Space shuttle crews see a sunrise or sunset every 45 minutes as they circle the Earth at 17,000 miles per hour, crossing the surface at four miles per second. From their unique perspective they see clearly defined bands of color through the atmosphere as the Sun rises. High-peaking cumulus clouds, topping out in anvil-head cirrus, can be seen as black shadows against the sunlit horizon. The brightness of the colors in the atmosphere in this photograph taken over the South China Sea is due to concentrations of dust in the atmosphere. Greater concentrations of dust are found in equatorial regions. There are various sources for such upper level dust Many dust storms in Africa, intensified by several years of drought, have been responsible for putting large amounts of dust into the atmosphere in recent times. Ash clouds from major volcanic eruptions can have a similar effect. Recent discussion of the climatic and environmental effects of a “nuclear winter” centering on upper atmosphere pollution has drawn from the atmospheric effects of catastrophic volcanic eruptions.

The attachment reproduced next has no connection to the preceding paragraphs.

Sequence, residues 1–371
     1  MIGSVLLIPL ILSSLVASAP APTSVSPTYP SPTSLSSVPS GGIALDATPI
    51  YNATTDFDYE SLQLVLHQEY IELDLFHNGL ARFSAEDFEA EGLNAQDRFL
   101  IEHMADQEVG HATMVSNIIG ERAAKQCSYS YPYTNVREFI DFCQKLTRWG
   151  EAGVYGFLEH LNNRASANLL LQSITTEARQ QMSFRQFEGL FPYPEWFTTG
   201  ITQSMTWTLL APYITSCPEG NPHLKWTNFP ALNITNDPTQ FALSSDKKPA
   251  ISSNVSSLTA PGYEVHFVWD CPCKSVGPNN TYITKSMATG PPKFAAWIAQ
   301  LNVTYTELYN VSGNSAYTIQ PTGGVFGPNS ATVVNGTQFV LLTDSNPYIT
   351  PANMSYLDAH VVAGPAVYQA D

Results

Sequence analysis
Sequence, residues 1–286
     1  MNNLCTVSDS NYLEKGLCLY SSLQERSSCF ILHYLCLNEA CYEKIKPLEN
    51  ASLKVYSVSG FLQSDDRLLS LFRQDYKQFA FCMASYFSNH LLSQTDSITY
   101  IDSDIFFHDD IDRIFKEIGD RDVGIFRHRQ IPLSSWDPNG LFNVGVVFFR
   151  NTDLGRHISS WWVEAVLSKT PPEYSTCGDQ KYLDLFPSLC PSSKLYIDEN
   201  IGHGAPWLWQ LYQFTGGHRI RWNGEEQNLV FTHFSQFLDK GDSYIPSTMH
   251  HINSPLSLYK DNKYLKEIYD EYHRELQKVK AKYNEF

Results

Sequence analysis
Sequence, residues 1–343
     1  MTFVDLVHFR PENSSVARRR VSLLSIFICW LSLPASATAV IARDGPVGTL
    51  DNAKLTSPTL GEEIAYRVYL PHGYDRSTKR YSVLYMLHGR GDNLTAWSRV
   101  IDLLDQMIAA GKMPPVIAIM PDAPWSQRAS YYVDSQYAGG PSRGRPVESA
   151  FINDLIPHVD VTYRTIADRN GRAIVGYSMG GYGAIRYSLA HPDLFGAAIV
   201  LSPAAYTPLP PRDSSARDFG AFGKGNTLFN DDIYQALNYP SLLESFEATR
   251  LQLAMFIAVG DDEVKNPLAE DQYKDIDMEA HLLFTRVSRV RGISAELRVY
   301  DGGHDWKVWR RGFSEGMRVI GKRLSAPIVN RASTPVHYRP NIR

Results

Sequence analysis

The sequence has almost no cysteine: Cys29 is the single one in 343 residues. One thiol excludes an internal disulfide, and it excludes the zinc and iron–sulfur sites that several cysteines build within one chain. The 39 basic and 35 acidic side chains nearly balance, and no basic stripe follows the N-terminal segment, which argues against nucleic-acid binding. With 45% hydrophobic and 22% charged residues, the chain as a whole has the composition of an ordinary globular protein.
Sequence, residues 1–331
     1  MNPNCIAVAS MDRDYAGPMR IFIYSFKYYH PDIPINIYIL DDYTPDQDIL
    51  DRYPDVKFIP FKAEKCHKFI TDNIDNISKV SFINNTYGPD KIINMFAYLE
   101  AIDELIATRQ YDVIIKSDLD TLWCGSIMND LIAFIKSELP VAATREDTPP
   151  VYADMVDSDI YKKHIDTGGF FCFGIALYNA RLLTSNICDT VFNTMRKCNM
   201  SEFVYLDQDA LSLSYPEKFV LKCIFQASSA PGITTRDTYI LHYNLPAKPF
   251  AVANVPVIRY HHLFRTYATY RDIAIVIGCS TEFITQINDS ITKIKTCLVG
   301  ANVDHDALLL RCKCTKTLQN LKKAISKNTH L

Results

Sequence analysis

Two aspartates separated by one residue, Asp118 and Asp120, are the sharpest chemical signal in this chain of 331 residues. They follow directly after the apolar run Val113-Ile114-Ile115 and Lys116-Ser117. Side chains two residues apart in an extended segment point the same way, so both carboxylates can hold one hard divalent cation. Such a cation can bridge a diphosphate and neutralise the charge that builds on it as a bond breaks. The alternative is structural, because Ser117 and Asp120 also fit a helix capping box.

41-D, August-September 1984. Picture #14-32-014.